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Title: Biodiversity of the invertebrate community associated with the turf-forming red alga Corallina officinalis in tide pools
Author: Bussell, James Alexander
ISNI:       0000 0001 3512 0625
Awarding Body: University of Wales, Bangor
Current Institution: Bangor University
Date of Award: 2003
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The invertebrate communities associated with the turf-forming red alga Corallina officinalis were investigated in tide pools on rocky shores of the coasts of England, Ireland and Wales. A total of 212 different taxa, including representatives from 14 phyla, were identified. There was significant small scale (between pools and within pools) variability and large scale variability (regional, between shores) in the diversity and community patterns of invertebrates associated with Corallina turf. These patterns were often not consistent between different shores and at different times. For example, greater numbers of species were found amongst Corallina turf from shallow depth in tide pools in winter than in summer. At regional scales, differences in the community pattern are correlated with temperature, though overall differences appear to be driven by a complex and interacting arrangement of biotic and abiotic factors such as habitat complexity and the hydrodynamic regime of the area. These patterns are also found when working at taxonomic levels other than species. Distinct temporal variation in the community was observed that followed a seasonal cyclic template. The observed temporal pattern is produced primarily by the behavioural adaptations and life history characteristics of the associated invertebrates. Assemblages associated with the tide pools frequently contained invertebrates that are small in size, produce few juveniles and have a tendency to brood their offspring or reproduce without a pelagic larval stage. These characteristics result in a clearly distinct community associated within Corallina turf on the coasts of the UK and Ireland. Patterns of the invertebrates associated with Corallina turf make an important contribution to our understanding of marine biodiversity. By examining such patterns in similar habitats at similar scales it is possible to make decisions concerning the conservation of the inshore marine environment.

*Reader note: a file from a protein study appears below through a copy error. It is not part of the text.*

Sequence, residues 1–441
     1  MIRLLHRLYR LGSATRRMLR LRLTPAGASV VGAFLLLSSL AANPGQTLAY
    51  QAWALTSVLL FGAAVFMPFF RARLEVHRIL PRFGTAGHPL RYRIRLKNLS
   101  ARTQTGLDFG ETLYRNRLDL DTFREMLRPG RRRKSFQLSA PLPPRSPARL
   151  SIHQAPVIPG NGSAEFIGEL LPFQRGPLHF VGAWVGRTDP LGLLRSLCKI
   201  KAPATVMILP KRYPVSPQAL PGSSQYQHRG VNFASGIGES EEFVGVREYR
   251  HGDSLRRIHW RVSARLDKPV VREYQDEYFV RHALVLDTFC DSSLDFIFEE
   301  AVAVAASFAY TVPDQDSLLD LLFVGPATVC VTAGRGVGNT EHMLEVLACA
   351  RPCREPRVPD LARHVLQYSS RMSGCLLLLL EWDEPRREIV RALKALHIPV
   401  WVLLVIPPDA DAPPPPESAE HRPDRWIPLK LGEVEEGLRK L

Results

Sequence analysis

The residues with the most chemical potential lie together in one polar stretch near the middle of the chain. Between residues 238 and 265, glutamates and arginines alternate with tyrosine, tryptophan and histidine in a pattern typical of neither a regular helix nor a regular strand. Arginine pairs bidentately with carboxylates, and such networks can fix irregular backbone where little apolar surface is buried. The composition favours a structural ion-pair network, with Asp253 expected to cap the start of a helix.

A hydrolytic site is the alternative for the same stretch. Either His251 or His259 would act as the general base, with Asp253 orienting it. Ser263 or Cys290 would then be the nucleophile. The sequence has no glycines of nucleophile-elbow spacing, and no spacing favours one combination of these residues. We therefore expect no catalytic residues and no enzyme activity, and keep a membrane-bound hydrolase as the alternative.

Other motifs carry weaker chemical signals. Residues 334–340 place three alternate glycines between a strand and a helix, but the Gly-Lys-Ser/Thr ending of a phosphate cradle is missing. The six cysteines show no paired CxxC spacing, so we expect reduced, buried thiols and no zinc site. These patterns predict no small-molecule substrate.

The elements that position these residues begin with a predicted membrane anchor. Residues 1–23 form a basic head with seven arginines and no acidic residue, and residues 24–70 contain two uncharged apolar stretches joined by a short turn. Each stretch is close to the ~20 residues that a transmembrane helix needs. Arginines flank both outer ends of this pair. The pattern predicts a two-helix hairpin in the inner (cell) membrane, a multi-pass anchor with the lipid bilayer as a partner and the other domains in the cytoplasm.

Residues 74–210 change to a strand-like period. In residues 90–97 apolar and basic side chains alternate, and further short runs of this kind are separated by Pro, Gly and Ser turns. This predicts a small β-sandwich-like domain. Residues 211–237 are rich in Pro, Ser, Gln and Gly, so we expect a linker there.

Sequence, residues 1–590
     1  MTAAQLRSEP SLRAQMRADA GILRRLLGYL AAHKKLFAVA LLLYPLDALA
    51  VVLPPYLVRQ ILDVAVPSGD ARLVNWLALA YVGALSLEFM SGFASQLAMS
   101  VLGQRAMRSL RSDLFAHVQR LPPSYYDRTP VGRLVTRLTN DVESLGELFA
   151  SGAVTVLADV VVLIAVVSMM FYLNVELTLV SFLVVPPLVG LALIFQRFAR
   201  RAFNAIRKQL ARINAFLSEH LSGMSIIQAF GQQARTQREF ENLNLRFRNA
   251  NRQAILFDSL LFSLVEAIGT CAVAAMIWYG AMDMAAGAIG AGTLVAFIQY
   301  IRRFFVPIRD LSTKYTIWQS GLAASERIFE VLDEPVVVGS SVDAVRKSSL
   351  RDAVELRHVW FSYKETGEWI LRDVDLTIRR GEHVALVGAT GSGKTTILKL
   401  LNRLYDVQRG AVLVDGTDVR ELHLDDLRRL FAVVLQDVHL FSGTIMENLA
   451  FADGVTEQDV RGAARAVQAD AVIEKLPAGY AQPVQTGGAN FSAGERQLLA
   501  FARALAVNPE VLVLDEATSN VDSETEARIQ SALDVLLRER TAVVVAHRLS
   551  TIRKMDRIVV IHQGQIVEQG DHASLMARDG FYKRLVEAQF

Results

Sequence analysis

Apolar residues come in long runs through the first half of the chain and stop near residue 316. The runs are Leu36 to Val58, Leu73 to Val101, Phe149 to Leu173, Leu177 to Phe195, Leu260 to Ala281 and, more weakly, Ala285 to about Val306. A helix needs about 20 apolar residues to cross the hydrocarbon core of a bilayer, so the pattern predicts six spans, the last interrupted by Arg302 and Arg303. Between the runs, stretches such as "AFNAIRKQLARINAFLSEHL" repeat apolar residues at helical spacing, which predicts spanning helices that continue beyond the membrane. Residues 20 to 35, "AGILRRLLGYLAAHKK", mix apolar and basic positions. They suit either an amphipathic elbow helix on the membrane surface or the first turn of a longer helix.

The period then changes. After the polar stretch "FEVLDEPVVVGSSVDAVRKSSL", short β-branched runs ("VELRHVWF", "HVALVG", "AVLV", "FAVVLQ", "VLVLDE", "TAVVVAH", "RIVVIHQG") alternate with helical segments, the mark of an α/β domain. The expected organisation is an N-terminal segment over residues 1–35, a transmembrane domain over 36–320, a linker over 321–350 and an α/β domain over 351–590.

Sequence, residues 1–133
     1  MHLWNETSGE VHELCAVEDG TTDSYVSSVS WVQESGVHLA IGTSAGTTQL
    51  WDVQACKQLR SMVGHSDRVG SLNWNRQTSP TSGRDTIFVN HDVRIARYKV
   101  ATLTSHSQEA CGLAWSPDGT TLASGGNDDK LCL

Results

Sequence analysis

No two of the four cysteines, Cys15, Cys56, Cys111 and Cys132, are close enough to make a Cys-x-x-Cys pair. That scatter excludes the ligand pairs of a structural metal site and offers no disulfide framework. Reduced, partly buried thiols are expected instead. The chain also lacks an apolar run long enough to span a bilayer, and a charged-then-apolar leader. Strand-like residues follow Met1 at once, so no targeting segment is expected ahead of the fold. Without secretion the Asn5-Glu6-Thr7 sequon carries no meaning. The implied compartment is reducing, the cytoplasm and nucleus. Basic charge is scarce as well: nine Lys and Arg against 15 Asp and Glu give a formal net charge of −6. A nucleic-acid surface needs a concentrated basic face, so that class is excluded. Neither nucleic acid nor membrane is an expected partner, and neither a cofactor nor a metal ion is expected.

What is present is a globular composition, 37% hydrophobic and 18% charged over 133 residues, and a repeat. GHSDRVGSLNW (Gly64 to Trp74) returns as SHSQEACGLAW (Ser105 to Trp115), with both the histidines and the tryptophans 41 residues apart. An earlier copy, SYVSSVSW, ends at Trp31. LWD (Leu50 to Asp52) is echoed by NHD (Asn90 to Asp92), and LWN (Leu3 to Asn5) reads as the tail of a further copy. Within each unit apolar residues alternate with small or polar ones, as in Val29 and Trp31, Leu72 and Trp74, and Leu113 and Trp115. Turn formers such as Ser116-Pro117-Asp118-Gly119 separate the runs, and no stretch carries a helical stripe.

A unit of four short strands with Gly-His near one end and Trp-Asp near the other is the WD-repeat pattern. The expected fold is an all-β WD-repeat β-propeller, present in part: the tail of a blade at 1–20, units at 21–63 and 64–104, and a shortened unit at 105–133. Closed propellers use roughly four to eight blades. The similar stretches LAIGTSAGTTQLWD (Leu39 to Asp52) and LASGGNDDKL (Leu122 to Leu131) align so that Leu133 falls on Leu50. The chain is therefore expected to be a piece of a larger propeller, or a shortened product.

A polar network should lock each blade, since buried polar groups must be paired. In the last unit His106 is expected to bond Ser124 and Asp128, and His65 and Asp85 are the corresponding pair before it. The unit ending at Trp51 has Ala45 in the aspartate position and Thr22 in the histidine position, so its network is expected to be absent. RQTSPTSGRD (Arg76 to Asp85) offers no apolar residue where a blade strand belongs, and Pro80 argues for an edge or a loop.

Supervisor: Not available Sponsor: Not available
Qualification Name: Thesis (Ph.D.) Qualification Level: Doctoral
EThOS ID:  DOI: Not available
Keywords: Ecology